Saturday, January 30, 2021

Some good news!

Following on from my annual review and our annual planning around life and art, I recently approached the State Library of Queensland about a couple of books.

I asked if they would be interested in 

A Place Among the Clouds;

On Joy; and



I grow still...

On a visit to GOMA with friends a week or two ago I was able to drop the books off to the Library for appraisal (the buildings are next door neighbours). By the time I got home I had an email with the happy news that they would like like to purchase all three and add them to their collection!

I was thrilled.

The paperwork is underway - making sure I provide enough detail for anybody who may ever 'borrow' them or wish to examine them; and also for the Librarians who need to know how best to store and protect them in perpetuity. 

It is such an honour to be included in this collection - it is a truly fine collection and one of (I actually think the) best artists' book collections in Australia. Happy dance!

Thursday, January 28, 2021

Thursday Thoughts...

“Art begins with receptivity” 

Mirabai Starr

I sat with these words for a while.  Is it so? Is it true? I wondered to myself. Does it indeed?

In the end I think I came down on the side of yes it probably does.  On a personal level my best art comes when I listen to a whisper or a nudge or some little niggle that suggests I do something; or that I feel I need, or want, to do something in response.

Sometimes things tell me what they need to become. Fortunately,  I am open to these conversations.

Being open to the connections, the links, the moments and the little gems of ideas that so often float free-from through our consciousness is pretty important to me and my practice.  Sometimes these connections come by talking, by reading, by viewing or by wandering past something and seeing it anew.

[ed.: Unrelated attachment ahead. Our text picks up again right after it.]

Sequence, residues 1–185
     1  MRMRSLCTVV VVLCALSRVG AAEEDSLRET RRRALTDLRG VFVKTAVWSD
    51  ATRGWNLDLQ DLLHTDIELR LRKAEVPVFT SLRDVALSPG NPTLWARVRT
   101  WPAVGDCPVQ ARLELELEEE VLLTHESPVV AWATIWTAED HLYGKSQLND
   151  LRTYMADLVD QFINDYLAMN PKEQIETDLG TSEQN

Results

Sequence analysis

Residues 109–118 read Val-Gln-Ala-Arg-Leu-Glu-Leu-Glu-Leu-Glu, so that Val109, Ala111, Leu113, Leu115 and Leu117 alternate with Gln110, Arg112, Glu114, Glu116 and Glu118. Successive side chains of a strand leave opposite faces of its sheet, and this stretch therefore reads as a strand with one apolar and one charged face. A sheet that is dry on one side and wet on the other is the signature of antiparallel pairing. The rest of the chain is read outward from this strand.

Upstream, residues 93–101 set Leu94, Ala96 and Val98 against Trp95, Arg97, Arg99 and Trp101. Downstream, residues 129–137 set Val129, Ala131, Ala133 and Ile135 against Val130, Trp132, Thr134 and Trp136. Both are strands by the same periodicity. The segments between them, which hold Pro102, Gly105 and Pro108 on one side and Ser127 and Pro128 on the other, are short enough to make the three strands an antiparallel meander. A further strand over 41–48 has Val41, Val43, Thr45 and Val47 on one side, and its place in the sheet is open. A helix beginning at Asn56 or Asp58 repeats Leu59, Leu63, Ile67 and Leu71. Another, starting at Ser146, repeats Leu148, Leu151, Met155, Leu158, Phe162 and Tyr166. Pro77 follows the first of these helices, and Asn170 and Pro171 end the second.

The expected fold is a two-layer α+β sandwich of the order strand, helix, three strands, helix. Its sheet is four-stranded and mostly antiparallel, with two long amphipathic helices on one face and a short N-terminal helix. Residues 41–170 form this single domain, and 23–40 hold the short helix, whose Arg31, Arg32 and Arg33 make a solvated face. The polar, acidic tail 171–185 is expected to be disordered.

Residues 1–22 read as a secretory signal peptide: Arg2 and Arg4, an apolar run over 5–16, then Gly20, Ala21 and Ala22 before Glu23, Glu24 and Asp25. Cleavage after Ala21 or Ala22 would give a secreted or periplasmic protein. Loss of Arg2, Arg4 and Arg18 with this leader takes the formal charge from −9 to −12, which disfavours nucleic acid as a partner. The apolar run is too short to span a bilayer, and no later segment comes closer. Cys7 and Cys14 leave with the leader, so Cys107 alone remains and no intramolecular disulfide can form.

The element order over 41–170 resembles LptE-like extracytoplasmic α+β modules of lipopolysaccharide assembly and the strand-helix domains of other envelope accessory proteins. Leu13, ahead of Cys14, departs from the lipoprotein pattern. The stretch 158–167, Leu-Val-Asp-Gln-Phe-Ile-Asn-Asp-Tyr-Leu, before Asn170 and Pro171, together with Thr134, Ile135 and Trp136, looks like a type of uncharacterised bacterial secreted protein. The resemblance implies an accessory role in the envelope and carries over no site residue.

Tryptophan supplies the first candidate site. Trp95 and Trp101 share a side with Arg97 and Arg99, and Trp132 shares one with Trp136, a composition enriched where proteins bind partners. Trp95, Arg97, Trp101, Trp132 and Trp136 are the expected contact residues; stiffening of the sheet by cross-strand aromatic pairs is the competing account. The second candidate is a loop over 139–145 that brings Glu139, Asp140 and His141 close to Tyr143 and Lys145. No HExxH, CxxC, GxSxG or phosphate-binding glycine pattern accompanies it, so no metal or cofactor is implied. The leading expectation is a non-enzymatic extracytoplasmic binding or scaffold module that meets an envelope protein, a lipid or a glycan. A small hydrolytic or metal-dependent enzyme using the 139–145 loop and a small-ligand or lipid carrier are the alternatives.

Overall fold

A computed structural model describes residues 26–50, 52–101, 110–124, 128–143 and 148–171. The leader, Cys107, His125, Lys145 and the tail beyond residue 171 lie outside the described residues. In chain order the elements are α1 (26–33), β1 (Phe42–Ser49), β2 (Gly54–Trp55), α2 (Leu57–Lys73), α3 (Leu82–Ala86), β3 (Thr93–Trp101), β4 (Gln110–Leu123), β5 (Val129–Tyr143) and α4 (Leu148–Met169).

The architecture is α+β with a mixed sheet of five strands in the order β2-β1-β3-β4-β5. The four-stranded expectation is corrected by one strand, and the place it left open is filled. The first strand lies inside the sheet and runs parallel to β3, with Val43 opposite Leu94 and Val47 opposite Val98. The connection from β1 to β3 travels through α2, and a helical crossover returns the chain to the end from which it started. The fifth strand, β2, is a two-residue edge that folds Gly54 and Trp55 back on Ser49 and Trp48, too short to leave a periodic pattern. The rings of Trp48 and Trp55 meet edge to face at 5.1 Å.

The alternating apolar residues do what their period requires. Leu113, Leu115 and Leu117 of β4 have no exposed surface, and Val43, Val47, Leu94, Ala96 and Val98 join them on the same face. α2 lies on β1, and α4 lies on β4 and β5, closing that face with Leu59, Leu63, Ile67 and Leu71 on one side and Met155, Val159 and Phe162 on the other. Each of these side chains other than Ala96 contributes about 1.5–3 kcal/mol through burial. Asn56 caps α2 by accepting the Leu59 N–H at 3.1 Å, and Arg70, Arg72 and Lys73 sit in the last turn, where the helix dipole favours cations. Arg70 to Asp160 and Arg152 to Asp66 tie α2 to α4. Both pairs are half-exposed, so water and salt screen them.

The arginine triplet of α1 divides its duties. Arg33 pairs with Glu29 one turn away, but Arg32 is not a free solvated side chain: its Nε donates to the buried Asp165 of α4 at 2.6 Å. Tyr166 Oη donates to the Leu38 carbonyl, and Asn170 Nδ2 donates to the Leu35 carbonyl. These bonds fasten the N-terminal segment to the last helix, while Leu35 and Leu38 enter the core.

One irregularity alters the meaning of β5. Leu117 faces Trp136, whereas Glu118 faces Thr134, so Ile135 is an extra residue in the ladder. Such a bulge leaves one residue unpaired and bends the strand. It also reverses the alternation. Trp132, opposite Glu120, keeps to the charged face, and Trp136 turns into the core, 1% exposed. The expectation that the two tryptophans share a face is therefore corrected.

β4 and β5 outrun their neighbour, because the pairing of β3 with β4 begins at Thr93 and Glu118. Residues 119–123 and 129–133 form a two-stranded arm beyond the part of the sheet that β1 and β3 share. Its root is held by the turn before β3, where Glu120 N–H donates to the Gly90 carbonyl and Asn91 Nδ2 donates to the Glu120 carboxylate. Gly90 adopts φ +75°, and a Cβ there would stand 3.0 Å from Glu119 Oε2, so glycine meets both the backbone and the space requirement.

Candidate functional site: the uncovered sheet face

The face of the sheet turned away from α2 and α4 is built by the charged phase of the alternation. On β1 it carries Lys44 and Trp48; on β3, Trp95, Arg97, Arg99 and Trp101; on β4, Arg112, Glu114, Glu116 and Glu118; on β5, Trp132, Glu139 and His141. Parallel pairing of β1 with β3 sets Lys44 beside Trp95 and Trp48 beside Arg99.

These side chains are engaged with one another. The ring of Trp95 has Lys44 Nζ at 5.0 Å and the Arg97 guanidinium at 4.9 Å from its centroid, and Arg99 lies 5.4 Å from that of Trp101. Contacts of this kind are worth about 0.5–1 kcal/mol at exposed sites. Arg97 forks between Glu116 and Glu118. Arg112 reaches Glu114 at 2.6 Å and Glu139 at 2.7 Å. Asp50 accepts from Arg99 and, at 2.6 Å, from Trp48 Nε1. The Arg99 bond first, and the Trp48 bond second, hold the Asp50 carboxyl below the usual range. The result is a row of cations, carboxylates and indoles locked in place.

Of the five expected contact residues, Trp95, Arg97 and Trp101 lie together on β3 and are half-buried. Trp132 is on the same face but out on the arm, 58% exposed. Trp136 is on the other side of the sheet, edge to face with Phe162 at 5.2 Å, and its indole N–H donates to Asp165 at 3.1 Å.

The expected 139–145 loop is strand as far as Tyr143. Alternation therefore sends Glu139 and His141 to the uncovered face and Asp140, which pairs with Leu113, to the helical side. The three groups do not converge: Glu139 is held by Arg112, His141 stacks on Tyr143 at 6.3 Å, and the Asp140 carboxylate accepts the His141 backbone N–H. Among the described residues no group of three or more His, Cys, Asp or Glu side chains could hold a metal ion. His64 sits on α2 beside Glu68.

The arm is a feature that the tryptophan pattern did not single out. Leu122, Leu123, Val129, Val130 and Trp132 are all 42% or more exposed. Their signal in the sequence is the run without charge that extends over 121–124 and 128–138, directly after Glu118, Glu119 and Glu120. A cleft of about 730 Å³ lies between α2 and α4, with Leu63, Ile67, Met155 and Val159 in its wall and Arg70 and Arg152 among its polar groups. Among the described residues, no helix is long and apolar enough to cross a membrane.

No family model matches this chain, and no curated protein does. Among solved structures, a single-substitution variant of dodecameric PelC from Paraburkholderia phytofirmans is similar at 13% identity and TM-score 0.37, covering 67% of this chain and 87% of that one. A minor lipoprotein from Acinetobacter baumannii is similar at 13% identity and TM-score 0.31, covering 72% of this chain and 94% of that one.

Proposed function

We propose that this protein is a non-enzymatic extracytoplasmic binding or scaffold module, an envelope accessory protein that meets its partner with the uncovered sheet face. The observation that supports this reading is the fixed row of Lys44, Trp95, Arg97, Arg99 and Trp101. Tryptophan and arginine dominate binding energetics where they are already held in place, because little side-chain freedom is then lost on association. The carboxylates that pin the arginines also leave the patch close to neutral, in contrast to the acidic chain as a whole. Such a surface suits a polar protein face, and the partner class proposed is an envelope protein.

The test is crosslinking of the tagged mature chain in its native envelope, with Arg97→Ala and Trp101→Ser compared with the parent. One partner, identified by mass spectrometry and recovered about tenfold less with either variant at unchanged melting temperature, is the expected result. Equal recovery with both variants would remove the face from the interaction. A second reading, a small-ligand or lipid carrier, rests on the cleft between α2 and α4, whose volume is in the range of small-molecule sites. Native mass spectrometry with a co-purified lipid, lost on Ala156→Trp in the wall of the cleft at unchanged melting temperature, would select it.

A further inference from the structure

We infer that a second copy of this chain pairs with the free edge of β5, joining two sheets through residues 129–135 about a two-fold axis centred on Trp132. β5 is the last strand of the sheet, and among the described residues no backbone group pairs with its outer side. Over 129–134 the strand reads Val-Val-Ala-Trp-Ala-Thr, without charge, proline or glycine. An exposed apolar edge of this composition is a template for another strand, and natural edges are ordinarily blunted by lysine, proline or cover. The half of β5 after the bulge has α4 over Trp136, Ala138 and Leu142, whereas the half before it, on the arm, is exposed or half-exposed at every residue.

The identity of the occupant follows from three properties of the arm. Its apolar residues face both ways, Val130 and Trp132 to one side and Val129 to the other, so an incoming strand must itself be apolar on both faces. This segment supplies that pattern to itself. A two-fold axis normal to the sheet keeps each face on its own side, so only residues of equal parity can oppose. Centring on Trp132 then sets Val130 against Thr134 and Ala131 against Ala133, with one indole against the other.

I have certainly come to accept that being open, being receptive is something I do for my art.  Being open and receptive suggest to me that I don't blunder forth "knowing" what is best or what needs to be done let alone being absolutely certain of the outcome, that certainly isn't me.  

I am receptive to nudges and whispers and funny little conversations with artworks and materials.  

Being open.

Glacier holes, Canada, 2010.

Tuesday, January 26, 2021

Gallery gleanings

 As part of a renewed focus on slowing down and enjoying things, and also investing in the idea of an art-filled life, Barry and I are trying to make a time each week to visit/view some art.  We managed that last week in Maryborough (see previous post) and the week before that, we headed to Caboolture and saw two amazing Indigenous Art exhibitions.  Some of my favourite moments follow.

Vernon Ah Kee - exploring notions of becoming; and identity.

I refuse you my death by Dale Harding.  Kangaroo hides, re-stitched and re-formed .

Detail of work by Rosella Namok

The most beautiful display...

The photograph of the attribution panel for the works above and directly below is completely blurry and I apologise for no attribution. The display was part of Manggan - gather, gathers, gathering featuring Indigenous artists from Girringun Aboriginal Art Centre alongside collected objects from the South Australian Museum.

These works are Bagu with Jiman - traditional fire-making tools of the Girrigun rainforest Aboriginal people.

Breathtaking in many ways.

It was due to this visit to the Greater Brisbane Region that we then had to go into self-isolation for three days - worth every minute of it. We didn't go there knowing that we might have to isolate, the government decision came about two days later.

Sunday, January 24, 2021

A trip to Maryborough - Impressed!

 Barry and I were recently invited to participate in a printmaker's show at Maryborough. The exhibition is called Impressed, and is on at Gataker's Art Space in Maryborough throughout February. 

The venue is beautiful and our friend Ken Munsie has a solo exhibition downstairs at the same time which is lovely - really worth a visit.

So we drove up to deliver our work a week or so ago. Here is our before shot - laugh!

Maryborough was a very important port and has a fabulous river-side precinct with traditional buildings and lots of public art. They also installed a war memorial in their gardens recently and I was very taken with it in so many ways.  Here are a few of the pieces that caught me.